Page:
At a time when British Actors Equity was advising theatre companies not to go to strife-torn Northern Ireland, Michael was persuading managements in England, Scotland and Europe, to send their productions over to Northern Ireland and to the Opera House. The current success and reputation of the Opera House is due in no small part to the shambling Professor Barnes.

Our current visit was the first in over three years and I noticed a painting of Michael in the ‘Green Room’ that seemed to be new - there was no indication that he had died, but I had a distinct feeling that he had passed on. The painting fascinated me and each day I spent some time, looking at the posture and expression of the man I remembered so well.

Everyone has good days and bad days and the first Thursday of our visit was one of the latter. I have a love/hate relationship with my work and on that particular day, I felt that I never wanted to see the inside of a theatre again, or choreograph, or act, or for that matter, dance again.

At one point during the dismal day, I passed through the Green Room and said firmly and loudly to the painting:

"Michael, I know you’ve passed on - What am I going to do with my life?"

Michael looked down from the wall, with an expression I remembered so well.


Belfast has now been transformed from a war-torn city, full of British soldiers, barbed wire, armoured tanks and constant searches and check-points, into a bustling city with shops, stores and a shortage of cabs on a Saturday night. After unsuccessfully trying for around half an hour the following Saturday, I was eventually successful in ‘bagging’ on of the busy drivers. My driver turned out to be from the Philippines.

Cab drivers, the world over, are natural conversationalists. I have in the past (now to my regret) cut short the first expected question of "What do you do?" opting instead for silence and thinking time. Since my Stonehenge transformation however, I have turned over a new leaf and in fact started off the chatter by asking my driver, how he came to be living and working in Belfast. It turned out that his wife was a nurse in a local old-peoples home and that he had come over to join her. His ability with the English language had not improved in relation to his smooth driving however and the conversation was slow - until I told him that I was working at the Opera House.

"You know Michael Barnes then?"

How on earth did a taxi driver from the Philippines know about Michael?

"My wife nursed him just before he died. He used to get out of bed, put on his dressing gown and dance with her"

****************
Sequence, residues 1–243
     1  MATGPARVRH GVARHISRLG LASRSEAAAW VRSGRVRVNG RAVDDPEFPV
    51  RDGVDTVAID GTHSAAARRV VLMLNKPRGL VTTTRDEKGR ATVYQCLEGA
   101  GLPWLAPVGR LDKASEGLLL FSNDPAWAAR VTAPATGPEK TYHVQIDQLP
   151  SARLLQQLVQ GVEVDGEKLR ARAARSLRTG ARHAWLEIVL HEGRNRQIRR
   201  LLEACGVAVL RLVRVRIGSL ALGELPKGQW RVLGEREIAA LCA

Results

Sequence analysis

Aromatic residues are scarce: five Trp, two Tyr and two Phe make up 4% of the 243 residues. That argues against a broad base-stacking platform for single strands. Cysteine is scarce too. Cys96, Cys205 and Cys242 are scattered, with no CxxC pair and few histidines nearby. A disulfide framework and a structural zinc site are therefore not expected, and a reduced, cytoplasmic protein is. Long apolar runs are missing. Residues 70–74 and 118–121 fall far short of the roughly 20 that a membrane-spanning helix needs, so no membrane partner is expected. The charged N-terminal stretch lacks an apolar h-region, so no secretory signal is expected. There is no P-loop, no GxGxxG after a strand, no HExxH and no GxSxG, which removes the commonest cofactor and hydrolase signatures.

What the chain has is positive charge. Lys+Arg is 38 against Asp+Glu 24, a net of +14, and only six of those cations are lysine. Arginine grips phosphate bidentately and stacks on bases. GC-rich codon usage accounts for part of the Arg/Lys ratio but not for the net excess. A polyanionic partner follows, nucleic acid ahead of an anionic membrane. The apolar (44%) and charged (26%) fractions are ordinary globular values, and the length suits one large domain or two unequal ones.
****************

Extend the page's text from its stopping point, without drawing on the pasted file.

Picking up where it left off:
"He just loved to dance"

and then I remembered the medium at church and the message of help…

Yes Michael, I’ve got the message

"I’ll keep dancing"


As Thomas is my patron saint, the doubts inevitably crept in. As I passed by the painting each day, I became less convinced that I had actually received a message from beyond - a spiritual medium, a message of help, a Phillipino cab driver’s wife who danced around hospital beds with Michael, only weeks before he died. It all made a lovely story - but maybe also a lovely illusion.

 Like Thomas, I needed more proof…

The cost of hotels and guest-house accommodation has soared in Belfast, but I had managed to find a local woman on the theatre ‘digs-list’ who was delighted to let me stay in her spare bedroom for a nominal rent   - except that, as she was having a conservatory built at the back of her house, there would be a lot of noise from the workmen - and there was!

On the final Friday, I pottered downstairs to make a cup of tea and found myself in a long conversation about Irish comedians as opposed to English ones. The whole thing developed delightfully into a Celtic-English contest, as to who could come up with the most names and the most memorable jokes. I must have done well, as one of the workmen suddenly said

"Do you work in the theatre then?"

When I affirmed that I did, his reply could have come straight from the mouth of the medium at the beginning of the story, or indeed from Michael himself:

"I worked for Michael Barnes, just before he went into the nursing home. I put up lots of bookshelves for him. He was surrounded by books you see. The whole house was full of them and he only had space for one chair in his living room because he was…

                                      …surrounded by books."


I passed by Michael’s picture the following day and I swear he smiled at me…

                           (but maybe it was just a trick of the light)

michel portrait from below 465pix


Michael Barnes, OBE, arts administrator, was born on October 31, 1932. He died on May 14, 2008, aged 75


Obituary in "The Stage"

Obituary in "The Times"